Like most of us who started CrossFit 'back in the day', I used to simply click on every morning, thought 'oh God', then went to the gym and did the WOD, no matter what.
However don't we all want that magic pill (i.e. perfect programming) and are restlessly searching for the “best”?
Most of us do.
So over the years I followed various programmes including high volume programmes (2-3 hours a day and 5-7 days a week) because like most people I often signed up to the 'more is more' philosophy.
As time has moved on and my life has become busier, I have an ever dwindling amount of time to train (oh woe is me) which has actually been a blessing in disguise for my own training because it has made me more focused on getting as much as possible out of my time so when I do train I'm chomping at the bit.
Unfortunately though, I frequently see members making the same mistakes that I did by going for the 'more is more' attitude whilst their intensity drops session by session to a point where by the end of the week most of them are basically just phoning it in.
This 'more is more' style of training in CrossFit started to gain popularity around 2009 when Mikko Salo won the CrossFit Games. Mikko became famous for his volume and would start his day with a 5k row/run or running or rowing intervals, then train again during the day and again in the evening. The current champs (Sam Briggs & Rich Froning) are also famous for being big volume junkies. Whilst we hear a lot about the volume (number of hours a day) that a lot of the top dawgs do, what doesn't get enough publicity is the sheer amount of recovery they also do, more on that later.
This brings me nicely to the title of my little ramble, 'quality over quantity'.
Intensity is the key, not volume.
Actually that's worth saying again.
Intensity is key!
You will get a lot more from shorter periods of high intensity training than from longer periods of low intensity training - that's not an opinion, that's a proven fact (isn't that what attracted us all to CrossFit in the first place??).
When we talk about the volume that the top athletes do we need to remember that they hit every part of their training with high intensity.
Unfortunately what most coaches see day in, day out, is people doing different classes back to back at either low intensity 'because they've a lot to get through that night' or go all out in one and then cruise through the other. Neither approach will serve you well and I don't think that it's a coincidence that these are the people that tend to regularly have niggling injuries.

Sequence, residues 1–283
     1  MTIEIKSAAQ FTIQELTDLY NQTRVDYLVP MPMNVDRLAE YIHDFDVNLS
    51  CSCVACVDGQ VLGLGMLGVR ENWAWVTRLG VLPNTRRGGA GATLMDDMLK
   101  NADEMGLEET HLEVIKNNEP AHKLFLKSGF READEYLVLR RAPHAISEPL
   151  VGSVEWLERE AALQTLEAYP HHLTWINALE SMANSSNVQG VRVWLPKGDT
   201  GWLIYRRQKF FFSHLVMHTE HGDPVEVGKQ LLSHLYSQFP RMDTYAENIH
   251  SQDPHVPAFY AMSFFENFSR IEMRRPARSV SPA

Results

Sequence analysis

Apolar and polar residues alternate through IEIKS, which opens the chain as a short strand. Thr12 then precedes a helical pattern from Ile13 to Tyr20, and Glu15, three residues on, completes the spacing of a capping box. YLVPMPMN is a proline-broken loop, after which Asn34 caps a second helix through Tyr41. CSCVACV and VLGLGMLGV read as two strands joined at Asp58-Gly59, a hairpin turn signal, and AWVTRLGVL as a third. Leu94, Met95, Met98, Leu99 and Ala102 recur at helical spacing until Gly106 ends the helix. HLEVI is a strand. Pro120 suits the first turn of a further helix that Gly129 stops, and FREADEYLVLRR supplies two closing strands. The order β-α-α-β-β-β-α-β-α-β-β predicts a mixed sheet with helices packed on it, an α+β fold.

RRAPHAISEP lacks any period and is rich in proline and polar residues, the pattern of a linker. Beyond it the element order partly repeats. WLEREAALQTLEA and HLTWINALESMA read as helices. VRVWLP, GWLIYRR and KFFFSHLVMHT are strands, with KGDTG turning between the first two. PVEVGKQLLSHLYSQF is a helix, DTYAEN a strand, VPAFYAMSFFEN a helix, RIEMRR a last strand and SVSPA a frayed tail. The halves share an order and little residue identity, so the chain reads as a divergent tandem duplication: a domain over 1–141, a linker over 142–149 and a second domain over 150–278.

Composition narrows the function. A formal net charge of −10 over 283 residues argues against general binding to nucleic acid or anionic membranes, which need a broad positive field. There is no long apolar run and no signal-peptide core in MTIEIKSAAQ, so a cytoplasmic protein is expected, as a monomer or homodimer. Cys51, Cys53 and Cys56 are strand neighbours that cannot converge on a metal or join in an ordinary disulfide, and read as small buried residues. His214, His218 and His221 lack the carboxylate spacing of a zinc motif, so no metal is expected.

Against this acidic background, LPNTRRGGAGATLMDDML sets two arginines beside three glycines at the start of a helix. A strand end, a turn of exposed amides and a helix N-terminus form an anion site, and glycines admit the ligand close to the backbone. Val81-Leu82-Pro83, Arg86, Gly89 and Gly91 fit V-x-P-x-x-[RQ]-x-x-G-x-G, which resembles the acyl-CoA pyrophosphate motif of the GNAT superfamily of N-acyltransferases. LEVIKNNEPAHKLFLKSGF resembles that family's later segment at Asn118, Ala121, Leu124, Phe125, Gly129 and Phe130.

In my opinion the best approach is to get in, train as hard as you can (at your own individual level), get out and go recover. Rinse and repeat.
Of course the obvious rebuttal to this is that people have skills that they want to work on so that's why they go to more classes. Good point. Why not make one of your training days a skill day where you go to an open gym and attack those skills then and not when you're pre-exhausted from a class, so that you can give them the attention that they deserve.
If you still think that you can give more, then first look to your recovery (are you getting 8+ hours sleep a night?) and nutrition/hydration before looking to add volume.
If after making sure that you're waking up naturally every day and your nutrition and hydration is excellent, you still believe that you can give more – it’s time to look at those flexibility issues that are holding back your range of motion and/or technique so why not add in extra mobility work? Improving how the body moves and working will not only put you on the fast track to more efficient movement (and PB's) but make your day to day life more comfortable and enjoyable.
If after all of that you have more in the tank, then and only then should you look to add extra volume to your training.
In order I'd suggest;
- Train 3/4 days a week for one hour. Remember that this will be your only chance to train that day so keep intensity high (you can chat afterwards).
- Add extra social exercise once per week (game of football, golf, hill walking, swimming, walking dogs etc. etc.) - enjoy your fitness!
- Make sure that you are getting sleep, 8-10 hours a night (you need to be waking up naturally and feeling refreshed).
- Improve nutrition & hydration.
- Improve flexibility.
- Increase training up to 5/6 days a week for one hour.
- If you're doing all of the above, now you can add more volume/extra hours of training into a given day.
Remember, intensity is key when you train so get in, train hard, get results and then go enjoy life and your fitness wherever it takes you.
Stay Classy CrossFitters,